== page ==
T H E

16

by ensuring that my fork had all the components of a perfect bite, arranged my sock drawer, or organized my car—if something interested me, I focused on it completely. To me, it’s always been about aesthetics and organization. If I could make something clean and simple but also beautiful and appealing, I was satisfied—well, almost. I spent the first part of my career doing odd jobs—in roofing and construction, as a camp counselor in the Catskills, as a Little League umpire—but none of those clicked with this need to shape and perfect. It wasn’t until my early twenties, when I was living in Austin, that I found sushi. I was between jobs and living with a girlfriend, hoping to transfer to The University of Texas but in reality spending my time like most twenty-somethings without a plan: drinking, smoking, and sleeping. I was lost. One morning, I woke up to my girlfriend standing over me. She said, “Tyson, if you don’t get a job today, we’re done, and you’re out of here.” So I got up. I took a bus downtown to Congress Avenue and put in applications at every place I passed. After a week, the only place that called me back was Kyoto Japanese Restaurant to fill a dishwasher position. I took it. At first, I kind of hated it. I had never had sushi before and thought it was disgusting. But they would put food out at “family meal” every day, and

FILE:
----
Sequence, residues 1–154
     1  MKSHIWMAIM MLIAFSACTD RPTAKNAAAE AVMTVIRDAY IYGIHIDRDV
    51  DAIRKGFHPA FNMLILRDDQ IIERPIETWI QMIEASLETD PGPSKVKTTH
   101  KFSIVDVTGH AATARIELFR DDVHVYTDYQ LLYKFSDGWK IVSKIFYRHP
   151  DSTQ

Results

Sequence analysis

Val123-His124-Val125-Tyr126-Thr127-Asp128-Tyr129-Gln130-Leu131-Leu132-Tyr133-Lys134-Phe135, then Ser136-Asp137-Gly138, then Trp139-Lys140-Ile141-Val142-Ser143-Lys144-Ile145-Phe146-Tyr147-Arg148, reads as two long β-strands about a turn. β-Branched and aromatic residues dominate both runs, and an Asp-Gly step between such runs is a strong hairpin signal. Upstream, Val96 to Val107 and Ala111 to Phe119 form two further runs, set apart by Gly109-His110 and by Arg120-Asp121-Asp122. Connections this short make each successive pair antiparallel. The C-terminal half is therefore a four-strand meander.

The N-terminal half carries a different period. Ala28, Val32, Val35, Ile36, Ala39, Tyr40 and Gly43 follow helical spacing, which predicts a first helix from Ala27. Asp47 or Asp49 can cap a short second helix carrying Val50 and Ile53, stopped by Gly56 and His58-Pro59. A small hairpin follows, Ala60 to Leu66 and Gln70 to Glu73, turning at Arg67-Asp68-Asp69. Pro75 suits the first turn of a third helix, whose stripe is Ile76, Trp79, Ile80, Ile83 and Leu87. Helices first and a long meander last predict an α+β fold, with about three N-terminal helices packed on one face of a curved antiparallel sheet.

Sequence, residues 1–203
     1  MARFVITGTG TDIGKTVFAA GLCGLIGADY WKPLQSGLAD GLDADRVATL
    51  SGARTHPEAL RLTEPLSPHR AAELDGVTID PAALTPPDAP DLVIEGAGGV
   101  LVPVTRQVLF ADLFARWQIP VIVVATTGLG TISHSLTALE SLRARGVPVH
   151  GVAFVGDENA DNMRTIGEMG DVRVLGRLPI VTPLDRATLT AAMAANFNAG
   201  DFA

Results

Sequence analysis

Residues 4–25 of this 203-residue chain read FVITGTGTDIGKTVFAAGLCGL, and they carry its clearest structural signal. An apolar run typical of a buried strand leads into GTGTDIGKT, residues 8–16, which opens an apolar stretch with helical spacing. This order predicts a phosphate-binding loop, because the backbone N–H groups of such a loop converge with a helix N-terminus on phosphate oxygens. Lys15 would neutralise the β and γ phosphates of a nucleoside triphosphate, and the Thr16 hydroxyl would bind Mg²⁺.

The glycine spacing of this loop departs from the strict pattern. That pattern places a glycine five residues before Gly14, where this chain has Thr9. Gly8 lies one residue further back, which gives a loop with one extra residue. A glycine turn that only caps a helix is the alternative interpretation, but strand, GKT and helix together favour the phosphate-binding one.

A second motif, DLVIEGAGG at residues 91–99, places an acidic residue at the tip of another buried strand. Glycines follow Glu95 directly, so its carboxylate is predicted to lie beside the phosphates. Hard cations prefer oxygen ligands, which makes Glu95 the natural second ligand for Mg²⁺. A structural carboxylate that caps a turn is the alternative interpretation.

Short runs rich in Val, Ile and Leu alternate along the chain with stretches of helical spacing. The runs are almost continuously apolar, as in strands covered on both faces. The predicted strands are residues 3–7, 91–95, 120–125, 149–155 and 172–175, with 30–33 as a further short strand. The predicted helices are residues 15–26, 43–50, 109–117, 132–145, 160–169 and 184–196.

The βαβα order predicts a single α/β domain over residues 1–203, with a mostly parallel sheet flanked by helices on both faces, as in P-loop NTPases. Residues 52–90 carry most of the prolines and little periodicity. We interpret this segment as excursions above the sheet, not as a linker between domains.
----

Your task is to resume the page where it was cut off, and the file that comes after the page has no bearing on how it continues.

U C H I,

C O O K B O O K

customers.

p e r f ect . Whethe r i t w a s ho w I b u i l t m y Le g o s et s , ate m y f oo d

17


T H E